Reporter: “I know that playing for Puerto Rico is so important for you… What do you like to say to the country right now?”
Mónica: “I just want to tell them this is for them… They need this, I needed this. I think I united a nation. I just love from where I come from.”
The more than 8 million Puerto Ricans who live in the world will never forget where we were on Saturday, August 13, 2016 when Mónica Puig won our first gold medal at the Olympics and “La Borinqueña” was heard. Jumps, shouts, smiles, tears. That’s what we saw in Mónica and that’s what we lived individually and collectively.
And it’s collectively where the true meaning of what we lived lies in. It is not only about the feat of an extraordinary athlete, of another sport victory, of Culson’s suffering when he was disqualified or of the anger over Franklin Gomez’s stolen fight. It is not about statistics or counting medals. It’s about what gives meaning to a people, of a nation’s defining identity traits, what makes us different but equal in dignity to other countries. The American interviewer understood this when, just after her victory, she asked Monica: “What would you like to say to the country”. “the” and “country” are references to our own identity which they see. And Monica’s answer: “This is for them”, “I think I united a nation”, “I love from where I come from”, are also, clear signs that she feels she represents a place with its own space in the world, with its own history, culture, food, music and unique identity. She knows she represents the Puerto Rican nation.
And it is not that we want to give political connotations to our experience in these Olympics, it’s that we have to recognize and not deny what we are. The whole discussion about whether we can have an Olympic team under statehood, or whether our athletes would compete for the USA under statehood are just useless deviations to try and ignore the truth.
Who remembers where they were when Gigi Fernández won two gold medals representing the United States? Were we moved to tears? Did the extraordinary feats of American swimmer Michael Phelps make us cry? These were Olympic moments that we applauded as great achievements from great athletes, but we didn’t celebrate them as a nation because they didn’t feel ours.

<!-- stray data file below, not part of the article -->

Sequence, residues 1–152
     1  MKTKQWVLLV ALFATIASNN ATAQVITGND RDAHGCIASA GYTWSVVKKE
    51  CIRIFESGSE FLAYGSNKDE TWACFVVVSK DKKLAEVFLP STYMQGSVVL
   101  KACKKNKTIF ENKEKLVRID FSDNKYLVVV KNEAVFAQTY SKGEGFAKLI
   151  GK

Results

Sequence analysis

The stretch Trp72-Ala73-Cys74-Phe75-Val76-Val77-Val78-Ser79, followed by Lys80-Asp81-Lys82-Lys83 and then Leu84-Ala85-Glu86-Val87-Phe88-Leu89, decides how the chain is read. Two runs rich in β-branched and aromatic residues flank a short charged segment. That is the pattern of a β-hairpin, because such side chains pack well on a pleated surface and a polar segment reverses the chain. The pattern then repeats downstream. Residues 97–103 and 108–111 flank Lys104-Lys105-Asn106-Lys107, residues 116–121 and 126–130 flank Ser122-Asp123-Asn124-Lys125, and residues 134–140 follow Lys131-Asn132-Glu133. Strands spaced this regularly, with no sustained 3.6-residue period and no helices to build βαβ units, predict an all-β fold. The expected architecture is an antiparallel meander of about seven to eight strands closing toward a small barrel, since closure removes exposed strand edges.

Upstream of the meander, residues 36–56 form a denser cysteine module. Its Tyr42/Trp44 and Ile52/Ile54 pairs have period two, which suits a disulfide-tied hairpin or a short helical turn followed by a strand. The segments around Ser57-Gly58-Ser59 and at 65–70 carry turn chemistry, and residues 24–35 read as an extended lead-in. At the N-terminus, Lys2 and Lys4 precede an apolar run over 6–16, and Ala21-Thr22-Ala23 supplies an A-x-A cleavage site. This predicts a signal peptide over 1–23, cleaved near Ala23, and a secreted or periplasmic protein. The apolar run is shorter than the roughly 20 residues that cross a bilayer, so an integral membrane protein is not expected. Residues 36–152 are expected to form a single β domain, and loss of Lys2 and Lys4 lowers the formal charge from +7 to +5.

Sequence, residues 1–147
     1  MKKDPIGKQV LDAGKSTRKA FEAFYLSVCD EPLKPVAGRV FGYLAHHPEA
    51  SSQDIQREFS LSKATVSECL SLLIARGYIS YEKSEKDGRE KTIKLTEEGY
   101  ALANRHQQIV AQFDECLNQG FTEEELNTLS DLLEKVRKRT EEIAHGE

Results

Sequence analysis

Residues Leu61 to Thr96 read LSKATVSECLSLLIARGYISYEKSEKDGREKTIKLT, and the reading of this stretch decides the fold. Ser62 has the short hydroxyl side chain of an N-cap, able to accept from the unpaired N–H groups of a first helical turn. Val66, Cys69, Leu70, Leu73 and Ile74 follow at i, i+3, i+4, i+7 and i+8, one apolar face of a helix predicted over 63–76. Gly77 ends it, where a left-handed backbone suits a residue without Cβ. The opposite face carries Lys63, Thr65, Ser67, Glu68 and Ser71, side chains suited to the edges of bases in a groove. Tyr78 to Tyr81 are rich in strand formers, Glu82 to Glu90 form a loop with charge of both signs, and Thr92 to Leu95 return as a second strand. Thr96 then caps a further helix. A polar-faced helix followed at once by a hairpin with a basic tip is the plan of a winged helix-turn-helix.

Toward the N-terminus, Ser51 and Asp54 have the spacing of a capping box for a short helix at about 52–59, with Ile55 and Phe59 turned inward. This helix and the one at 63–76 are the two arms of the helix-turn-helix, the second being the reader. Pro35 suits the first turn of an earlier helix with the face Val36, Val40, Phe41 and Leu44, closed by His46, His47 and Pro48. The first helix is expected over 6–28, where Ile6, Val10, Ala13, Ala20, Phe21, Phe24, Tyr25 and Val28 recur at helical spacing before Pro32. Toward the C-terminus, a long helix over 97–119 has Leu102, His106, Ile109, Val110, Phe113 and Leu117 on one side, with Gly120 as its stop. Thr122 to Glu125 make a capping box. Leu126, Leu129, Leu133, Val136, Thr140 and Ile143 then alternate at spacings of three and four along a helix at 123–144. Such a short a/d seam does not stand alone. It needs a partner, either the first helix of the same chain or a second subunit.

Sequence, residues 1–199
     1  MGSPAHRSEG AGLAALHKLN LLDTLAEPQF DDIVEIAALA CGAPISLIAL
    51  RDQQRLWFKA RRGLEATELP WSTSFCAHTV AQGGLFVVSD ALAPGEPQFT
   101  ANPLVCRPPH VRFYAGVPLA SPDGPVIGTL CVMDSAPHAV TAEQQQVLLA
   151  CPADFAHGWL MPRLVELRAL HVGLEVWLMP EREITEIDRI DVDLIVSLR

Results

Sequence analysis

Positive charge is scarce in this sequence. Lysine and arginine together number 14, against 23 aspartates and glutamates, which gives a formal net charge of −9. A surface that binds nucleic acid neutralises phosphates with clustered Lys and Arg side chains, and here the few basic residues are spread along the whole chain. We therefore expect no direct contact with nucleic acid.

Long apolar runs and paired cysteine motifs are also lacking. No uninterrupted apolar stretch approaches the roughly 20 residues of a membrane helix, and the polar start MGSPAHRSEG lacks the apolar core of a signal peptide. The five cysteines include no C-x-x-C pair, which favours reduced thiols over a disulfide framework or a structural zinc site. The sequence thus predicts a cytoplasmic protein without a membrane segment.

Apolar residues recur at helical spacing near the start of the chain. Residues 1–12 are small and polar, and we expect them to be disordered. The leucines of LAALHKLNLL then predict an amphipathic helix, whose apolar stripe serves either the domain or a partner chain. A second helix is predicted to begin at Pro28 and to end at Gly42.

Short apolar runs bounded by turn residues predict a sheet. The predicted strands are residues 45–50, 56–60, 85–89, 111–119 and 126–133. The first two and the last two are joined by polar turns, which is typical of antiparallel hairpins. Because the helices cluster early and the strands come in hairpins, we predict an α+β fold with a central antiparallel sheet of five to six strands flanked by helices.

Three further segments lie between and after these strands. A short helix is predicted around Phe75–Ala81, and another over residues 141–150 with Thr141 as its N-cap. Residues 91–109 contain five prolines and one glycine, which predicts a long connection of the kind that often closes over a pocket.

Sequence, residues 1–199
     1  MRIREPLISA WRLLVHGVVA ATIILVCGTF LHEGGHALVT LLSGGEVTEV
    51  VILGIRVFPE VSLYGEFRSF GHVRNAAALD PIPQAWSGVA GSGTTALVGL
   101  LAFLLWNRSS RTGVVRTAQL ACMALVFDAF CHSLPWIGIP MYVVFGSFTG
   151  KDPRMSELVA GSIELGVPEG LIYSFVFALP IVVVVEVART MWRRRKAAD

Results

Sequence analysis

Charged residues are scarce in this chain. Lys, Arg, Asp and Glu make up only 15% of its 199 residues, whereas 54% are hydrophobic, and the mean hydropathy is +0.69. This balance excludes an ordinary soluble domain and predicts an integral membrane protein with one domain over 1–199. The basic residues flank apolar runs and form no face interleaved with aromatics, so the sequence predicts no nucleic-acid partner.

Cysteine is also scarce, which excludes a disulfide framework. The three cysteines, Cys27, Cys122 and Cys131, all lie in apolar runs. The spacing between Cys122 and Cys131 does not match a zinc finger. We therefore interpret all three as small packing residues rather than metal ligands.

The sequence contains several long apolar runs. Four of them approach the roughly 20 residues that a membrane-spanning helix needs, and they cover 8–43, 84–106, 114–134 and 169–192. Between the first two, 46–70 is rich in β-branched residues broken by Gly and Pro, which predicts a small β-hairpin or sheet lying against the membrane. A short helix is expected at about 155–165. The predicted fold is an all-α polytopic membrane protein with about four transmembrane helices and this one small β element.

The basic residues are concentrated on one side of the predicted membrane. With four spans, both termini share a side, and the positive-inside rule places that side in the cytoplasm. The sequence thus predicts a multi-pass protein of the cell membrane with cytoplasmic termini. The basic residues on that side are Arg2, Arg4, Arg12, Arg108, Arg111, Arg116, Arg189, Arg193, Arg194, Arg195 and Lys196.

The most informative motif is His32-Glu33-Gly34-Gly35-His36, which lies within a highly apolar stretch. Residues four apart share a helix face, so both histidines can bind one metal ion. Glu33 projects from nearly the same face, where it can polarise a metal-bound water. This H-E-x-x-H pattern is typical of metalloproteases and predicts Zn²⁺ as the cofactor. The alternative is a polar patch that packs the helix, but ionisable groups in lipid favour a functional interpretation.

It’s the same reason why when we hear the notes from “green light of the mountain and the sea” (“verde luz de monte y mar”) we don’t think of the sea in California or the Rocky Mountains. It is the reason why when our composers and poets are inspired they write to Puerto Rico, not the United States, and why during these days “decimas” and “plenas” have been composed about Monica and Culson, but none for Phelps.
Statehood is not a commercial transaction; it is a commitment of the soul that will only be possible when we cry tears of sadness because Serena Williams was eliminated in the first round or tears of joy because Simone Biles shone in gymnastics or when we are willing to renounce the immense happiness that Monica gave us with her gold and when we heard our anthem. When we decide to give up on the hope of having another victory like this one, that’s the day we can talk to the United States about out commitment to statehood.
Many times we have seen athletes embrace their flag and cry at the podium as they sang their anthem. They are all celebrating what they are, what they carry in their souls, their heritage, their history and their identity. That’s what drove Monica to kneel and look to the sky, that mixture of feelings that burst from the heart of every Puerto Rican on that August 13 we will never forget. What we felt was the reaffirmation of our unique nationality and of a people that after more than 400 years of Spanish colonial rule, and 100 of American colonialism, still keep fighting for what we are and we assert ourselves today stronger than ever.
Thank you Monica for your talent, will and dedication; for your commitment to your country, thank you for uniting us, for gifting your nation with your triumph, for touching our innermost collective fiber and for reminding us that we are a nation of gold.